When you are getting ready to bring home a new puppy, one of the most exciting things to do is shop! Buying all the new toys, beds, and treats for your new best friend is something special. When it comes to buying a collar, however, you must ensure that you are getting the correct size. There are many factors to consider when deciding on the perfect collar for your puppy.
The rest of this article will detail how a properly sized collar should fit, how to decide on the correct size for your puppy, and some other factors to help you determine which collar or harness is best.
Table of Contents
- How should a collar fit my dog?
- How do I know what size collar to buy?
- What if I haven’t brought my puppy home yet?
- What kind of collar should I buy?
- What is a breakaway collar?
- Should I use a harness or head collar instead?
- Should I use a choke chain or a prong collar?
- How can I get my puppy used to wearing a collar?
- What if my puppy freaks out when I put the collar on?
- When can I start leash training?
How should a collar fit my dog?
A properly fitted collar should be snug around your dog’s neck, but not too tight. There is a rule called the “two finger rule” which is a good one to abide by. This means that you should be able to slide two fingers easily between your dog’s neck and the collar once the collar is buckled on.
Make sure that the collar is not squeezing your dog’s neck, but that it is also not able to easily slide off over his head or get caught on anything.
How do I know what size collar to buy?
If you have already brought your puppy home, this is easy. Take a soft measuring tape and measure your dog’s neck. The measurement of their neck is the size collar you need! There is no guesswork here. If you do not have a measuring tape, you can try using a soft string or shoelace, then measuring the string on a flat ruler.
What if I haven’t brought my puppy home yet?
If you haven’t brought your puppy home yet, you may still want to have a collar waiting for him when he gets there. In this case, if you are not able to measure your puppy’s neck, buying the correct collar requires a little bit more guesswork. If you know how much your puppy weighs, you can estimate using this sizing chart from Mimi Green:
- Dogs up to 10 pounds will likely need a collar with a length of 12” or less
- Dogs between 11-25 pounds will likely need a collar with a length of 11”-15”
- Dogs between 26-55 pounds will likely need a collar with a length of 13”-18”
- Dogs between 56-80 pounds will likely need a collar with a length of 16”-24”
If you do not know how much your puppy weighs, you can estimate how large you think their neck is and try buying an adjustable collar in roughly the correct size. This will allow for some leeway once you are ready to put the collar on your puppy.
Remember—your puppy is going to grow out of his first collar, so if you accidentally buy a little too big, the collar will not go to waste!
What kind of collar should I buy?
There are many types of collars out there, and choosing the best one can be difficult. For a puppy, however, you should look for a flat collar made of lightweight nylon. Leather and metal collars may look nice, but they can be too heavy for a small puppy to wear.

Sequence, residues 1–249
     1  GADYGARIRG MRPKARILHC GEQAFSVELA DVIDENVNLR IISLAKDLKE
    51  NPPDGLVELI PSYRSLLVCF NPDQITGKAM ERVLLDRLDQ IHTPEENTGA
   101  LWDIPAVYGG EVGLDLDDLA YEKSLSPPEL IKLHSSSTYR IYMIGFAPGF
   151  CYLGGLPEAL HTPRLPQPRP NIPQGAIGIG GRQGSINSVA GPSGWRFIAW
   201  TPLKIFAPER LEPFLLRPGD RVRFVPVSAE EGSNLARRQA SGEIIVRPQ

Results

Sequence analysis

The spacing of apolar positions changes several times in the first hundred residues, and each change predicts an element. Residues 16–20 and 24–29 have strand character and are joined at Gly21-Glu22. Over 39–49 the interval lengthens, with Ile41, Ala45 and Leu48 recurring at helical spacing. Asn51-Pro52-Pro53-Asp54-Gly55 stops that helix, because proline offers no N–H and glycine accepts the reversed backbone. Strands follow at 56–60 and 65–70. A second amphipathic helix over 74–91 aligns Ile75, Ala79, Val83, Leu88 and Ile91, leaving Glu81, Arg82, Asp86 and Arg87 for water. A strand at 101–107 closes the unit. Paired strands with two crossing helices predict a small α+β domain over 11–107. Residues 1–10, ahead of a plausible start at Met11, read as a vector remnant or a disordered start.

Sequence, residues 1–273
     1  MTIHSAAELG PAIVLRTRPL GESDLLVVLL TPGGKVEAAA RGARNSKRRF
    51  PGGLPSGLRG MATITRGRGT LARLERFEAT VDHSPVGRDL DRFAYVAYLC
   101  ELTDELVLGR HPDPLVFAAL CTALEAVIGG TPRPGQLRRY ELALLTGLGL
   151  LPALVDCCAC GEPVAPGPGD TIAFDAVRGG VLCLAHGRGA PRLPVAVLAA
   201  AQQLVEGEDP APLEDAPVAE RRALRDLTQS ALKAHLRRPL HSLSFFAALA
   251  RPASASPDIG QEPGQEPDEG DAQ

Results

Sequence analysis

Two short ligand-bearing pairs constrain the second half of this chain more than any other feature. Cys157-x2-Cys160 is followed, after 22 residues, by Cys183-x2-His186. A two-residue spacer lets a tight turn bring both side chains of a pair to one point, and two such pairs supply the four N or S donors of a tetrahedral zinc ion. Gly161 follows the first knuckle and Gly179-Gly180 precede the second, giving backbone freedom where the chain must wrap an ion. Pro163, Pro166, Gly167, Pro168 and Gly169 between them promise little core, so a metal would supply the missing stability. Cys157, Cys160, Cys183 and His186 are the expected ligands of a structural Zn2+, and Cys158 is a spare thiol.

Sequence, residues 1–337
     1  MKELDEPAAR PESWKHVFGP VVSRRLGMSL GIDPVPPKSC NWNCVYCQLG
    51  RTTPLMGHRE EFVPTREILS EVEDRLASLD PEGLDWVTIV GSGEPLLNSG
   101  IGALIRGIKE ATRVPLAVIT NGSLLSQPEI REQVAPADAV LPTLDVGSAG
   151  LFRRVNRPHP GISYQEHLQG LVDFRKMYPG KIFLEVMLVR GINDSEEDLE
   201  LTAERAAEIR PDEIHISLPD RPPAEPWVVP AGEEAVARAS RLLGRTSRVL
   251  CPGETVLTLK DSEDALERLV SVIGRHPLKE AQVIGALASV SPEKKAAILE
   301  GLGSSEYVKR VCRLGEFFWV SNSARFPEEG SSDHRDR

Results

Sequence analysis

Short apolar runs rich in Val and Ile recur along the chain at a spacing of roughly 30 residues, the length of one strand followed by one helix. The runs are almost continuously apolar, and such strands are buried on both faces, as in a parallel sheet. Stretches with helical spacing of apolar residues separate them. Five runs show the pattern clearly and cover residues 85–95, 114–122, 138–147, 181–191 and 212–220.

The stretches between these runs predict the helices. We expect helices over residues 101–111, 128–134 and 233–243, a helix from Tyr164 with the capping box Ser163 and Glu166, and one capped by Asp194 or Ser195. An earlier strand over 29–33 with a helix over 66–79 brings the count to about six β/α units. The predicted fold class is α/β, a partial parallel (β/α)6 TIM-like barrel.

Adjustable collars provide some room for growth as your puppy gets bigger, and breakaway collars add an extra layer of safety.
What is a breakaway collar?
A breakaway collar is designed to break off of your dog’s neck if it gets caught on something. This can prevent your puppy from choking or injuring himself if he becomes trapped by the collar. If your puppy spends a lot of time unsupervised, especially outdoors, you should consider a breakaway collar.
Should I use a harness or head collar instead?
A traditional collar is always a safe bet for holding your puppy’s identifying tags. However, once you begin to train your puppy to walk on a leash, you may find that you need a different type of specialty collar, such as a body harness or head collar.
These devices serve different purposes, such as preventing your puppy from pulling too hard on the leash. They can also be used in combination with a traditional collar.
Should I use a choke chain or a prong collar?
Choke chains and prong collars should never be used on a puppy. These are specialized training devices which should only be used on an adult dog under the supervision of a veterinarian or certified dog trainer.
How can I get my puppy used to wearing a collar?
Training your puppy to wear his collar is a simple process, but it requires patience and consistency.
You should start slow by allowing your puppy to acclimate to the collar: let him smell the collar and reward him with a treat so he will associate it with good things. Then, put the collar on your puppy and reward him with treats. Leave it on for a few minutes, then remove it—but when the collar comes off, stop giving treats and rewards.
Repeat this process, slowly lengthening the time spent with the collar on, until your puppy is completely used to the collar.
What if my puppy freaks out when I put the collar on?
If your puppy begins to scratch, whine, yelp, or otherwise freak out when you put the collar on, do not immediately remove it. Try to distract him with treats, running around, or playing. As long as the collar is properly fitted, it is not hurting your puppy, so don’t let him pull one over on you!
Only remove the collar when your puppy stops reacting to it and trying to get out of it.
When can I start leash training?
You should allow your puppy at least a few days to get used to wearing a collar before you begin introducing a leash. When you do so, you can use the same method you used when introducing your puppy to his collar.
Start slow, allowing your puppy to see that the leash is a good thing. Then, work your way up to attaching the leash to the collar and beginning to train your puppy to walk beside you.